Portland Neighborhoods By The Numbers: Where to Buy in 2015

Whether you're a first-time buyer, looking for a bigger place, downsizing, or renting, Portland has a hood to make you happy.

Edited by Ramona DeNies and Marty Patail April 2, 2015 Published in the April 2015 issue of Portland Monthly

Click on the image above to explore our 2015 Real Estate grids.

Good news! Portland’s real estate market is brawnier than ever, with nearly 10,000 home sales in 2014 and a median price of $305,000—a rip-roaring 9 percent spike (or $25K) from the year before. 

As a guide to this wild scene, we once again ran the numbers on home sales, demographics, transportation, and crime for Portland’s neighborhoods and suburbs. This year, we include new stats on livability and urban migration. (Boise has the biggest share of bike commuters, and 8 percent of today’s Portlanders lived in another state or different Oregon county just last year.) 

Whether you’re a first-time buyer, looking for a bigger place, downsizing, or renting, Portland has a hood to make you happy. Just ask the city’s very busy real estate agents—like we did. Here’s where they choose to live, and where they’d bet on Portland’s long-term growth. 

MJ STEEN  - Windermere

HOME: Southwest Hills
It’s the walkability. We can walk to the park, schools, the farmers market—and we can park
downtown for any event and be home in 10 minutes.

NEXT BIG THING: The Waterfront
They’ll be creating urban neighborhoods in the old industrial areas along the east side of the river, from the Burnside Bridge all the way up—and probably in Old Town and Northwest Industrial. These will be close in; people won’t have to have cars. 

SHANNON BAIRD - Meadows Group

HOME: Sabin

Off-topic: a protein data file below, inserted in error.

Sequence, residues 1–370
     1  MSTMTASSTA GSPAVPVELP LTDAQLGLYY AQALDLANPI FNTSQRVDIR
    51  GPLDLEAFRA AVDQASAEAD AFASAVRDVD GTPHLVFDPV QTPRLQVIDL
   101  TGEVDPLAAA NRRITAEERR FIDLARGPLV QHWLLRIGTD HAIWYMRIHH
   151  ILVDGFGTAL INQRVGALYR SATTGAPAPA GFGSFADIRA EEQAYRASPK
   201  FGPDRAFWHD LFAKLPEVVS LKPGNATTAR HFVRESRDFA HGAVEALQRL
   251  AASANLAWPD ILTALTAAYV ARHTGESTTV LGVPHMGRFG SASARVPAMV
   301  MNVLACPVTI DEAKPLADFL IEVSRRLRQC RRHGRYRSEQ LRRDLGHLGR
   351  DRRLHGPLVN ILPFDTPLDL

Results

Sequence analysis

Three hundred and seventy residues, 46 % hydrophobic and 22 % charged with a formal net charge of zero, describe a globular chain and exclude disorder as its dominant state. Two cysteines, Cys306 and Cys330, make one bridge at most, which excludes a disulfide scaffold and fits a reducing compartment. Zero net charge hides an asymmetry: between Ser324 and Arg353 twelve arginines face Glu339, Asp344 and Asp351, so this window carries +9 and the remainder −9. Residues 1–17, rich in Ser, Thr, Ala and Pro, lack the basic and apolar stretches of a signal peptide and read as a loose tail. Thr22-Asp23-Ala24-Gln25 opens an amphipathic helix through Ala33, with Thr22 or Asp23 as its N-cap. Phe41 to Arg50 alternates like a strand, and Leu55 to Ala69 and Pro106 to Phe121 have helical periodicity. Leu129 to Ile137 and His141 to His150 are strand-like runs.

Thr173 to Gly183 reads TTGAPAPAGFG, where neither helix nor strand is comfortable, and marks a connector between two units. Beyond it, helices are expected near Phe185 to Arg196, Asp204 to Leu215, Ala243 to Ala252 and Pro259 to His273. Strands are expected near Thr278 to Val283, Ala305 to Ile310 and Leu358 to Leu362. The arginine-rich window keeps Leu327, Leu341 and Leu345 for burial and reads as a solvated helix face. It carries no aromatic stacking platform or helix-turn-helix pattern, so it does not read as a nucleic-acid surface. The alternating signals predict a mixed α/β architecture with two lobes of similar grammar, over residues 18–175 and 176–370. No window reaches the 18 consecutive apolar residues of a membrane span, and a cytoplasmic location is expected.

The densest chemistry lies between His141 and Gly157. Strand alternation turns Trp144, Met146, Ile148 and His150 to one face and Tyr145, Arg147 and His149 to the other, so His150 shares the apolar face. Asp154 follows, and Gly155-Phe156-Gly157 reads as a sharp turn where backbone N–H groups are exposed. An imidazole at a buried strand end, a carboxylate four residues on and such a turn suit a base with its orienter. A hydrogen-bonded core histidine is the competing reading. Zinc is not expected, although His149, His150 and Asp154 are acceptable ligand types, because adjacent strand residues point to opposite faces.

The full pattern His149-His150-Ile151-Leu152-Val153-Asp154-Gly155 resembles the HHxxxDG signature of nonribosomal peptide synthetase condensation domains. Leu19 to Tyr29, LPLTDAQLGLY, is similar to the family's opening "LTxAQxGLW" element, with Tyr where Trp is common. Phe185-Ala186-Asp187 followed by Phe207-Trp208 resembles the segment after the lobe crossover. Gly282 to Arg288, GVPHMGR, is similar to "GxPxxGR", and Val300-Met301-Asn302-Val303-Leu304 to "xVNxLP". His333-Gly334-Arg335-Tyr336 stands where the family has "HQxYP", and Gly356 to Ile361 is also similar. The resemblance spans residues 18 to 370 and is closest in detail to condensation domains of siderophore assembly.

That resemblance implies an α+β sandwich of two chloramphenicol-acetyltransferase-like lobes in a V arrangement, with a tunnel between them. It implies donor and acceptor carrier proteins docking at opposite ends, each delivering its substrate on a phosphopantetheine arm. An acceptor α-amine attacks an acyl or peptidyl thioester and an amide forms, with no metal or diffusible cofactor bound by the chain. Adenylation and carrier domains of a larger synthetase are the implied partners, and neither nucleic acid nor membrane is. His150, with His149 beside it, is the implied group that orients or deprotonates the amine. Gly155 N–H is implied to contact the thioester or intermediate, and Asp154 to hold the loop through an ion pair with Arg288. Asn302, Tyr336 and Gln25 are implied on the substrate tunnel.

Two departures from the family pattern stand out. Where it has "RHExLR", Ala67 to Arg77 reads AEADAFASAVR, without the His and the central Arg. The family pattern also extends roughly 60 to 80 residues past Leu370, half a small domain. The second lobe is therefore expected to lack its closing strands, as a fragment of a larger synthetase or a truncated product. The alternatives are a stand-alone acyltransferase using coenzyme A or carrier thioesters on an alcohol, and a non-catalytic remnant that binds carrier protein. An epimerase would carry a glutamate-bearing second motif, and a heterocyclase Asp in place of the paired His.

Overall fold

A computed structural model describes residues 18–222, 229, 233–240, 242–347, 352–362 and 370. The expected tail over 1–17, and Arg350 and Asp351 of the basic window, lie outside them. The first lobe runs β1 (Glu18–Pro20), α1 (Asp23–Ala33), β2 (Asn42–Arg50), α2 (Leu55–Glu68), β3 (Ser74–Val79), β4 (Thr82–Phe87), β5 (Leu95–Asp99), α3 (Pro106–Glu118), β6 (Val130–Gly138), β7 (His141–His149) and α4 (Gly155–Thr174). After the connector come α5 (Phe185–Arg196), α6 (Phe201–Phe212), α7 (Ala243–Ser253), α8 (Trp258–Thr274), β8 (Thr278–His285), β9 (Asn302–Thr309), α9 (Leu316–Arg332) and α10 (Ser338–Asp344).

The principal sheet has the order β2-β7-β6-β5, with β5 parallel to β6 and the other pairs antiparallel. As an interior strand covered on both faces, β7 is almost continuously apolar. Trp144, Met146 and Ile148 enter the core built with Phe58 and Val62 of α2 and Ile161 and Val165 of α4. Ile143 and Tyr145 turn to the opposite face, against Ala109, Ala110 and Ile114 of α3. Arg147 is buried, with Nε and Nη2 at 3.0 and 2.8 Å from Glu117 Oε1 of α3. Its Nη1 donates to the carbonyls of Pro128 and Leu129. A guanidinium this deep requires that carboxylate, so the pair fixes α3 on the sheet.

I love it. We can walk to the wine bar. We can walk to Whole Foods. I built an ADU in my backyard. This neighborhood’s incredible: good for commuting, quiet, a mix of people.

NEXT BIG THING: The Classics
Remember the big boom in 2004 and 2005? Everyone was excited about Foster-Powell, Woodstock, and Cully. Then the market dropped. Now that it’s coming back, it’s Foster-Powell, Woodstock, and Cully. As if it’s a new thing.

BILLY GRIPPO - Windermere

HOME: Sabin
I’ve been living in close-in Irvington, Alameda, and Sabin for 23 years, and six years ago bought my current house. These are established, blue-chip neighborhoods.

NEXT BIG THING: Embrace the sprawl?
Right now, everyone wants to be in the city core. But maybe that won’t be as critical 30 years from now. Who knows? Maybe you could live in Hood River and be downtown in 15 minutes by bullet train.

GAVIN SHETTLER - Living Room Realty

HOME: Montavilla
My house is already worth more, and I’ve had it for only eight months. As more people move here, the “city” has gotten bigger. Anything west of I-205 is now considered inner Portland.

NEXT BIG THING: Milwaukie!
Thirty years out, little homes are going to be a million dollars; I don’t know how affordable we’ll be. It’s going to be those outlying areas, like St. Johns and Milwaukie, that will be drastically different. 

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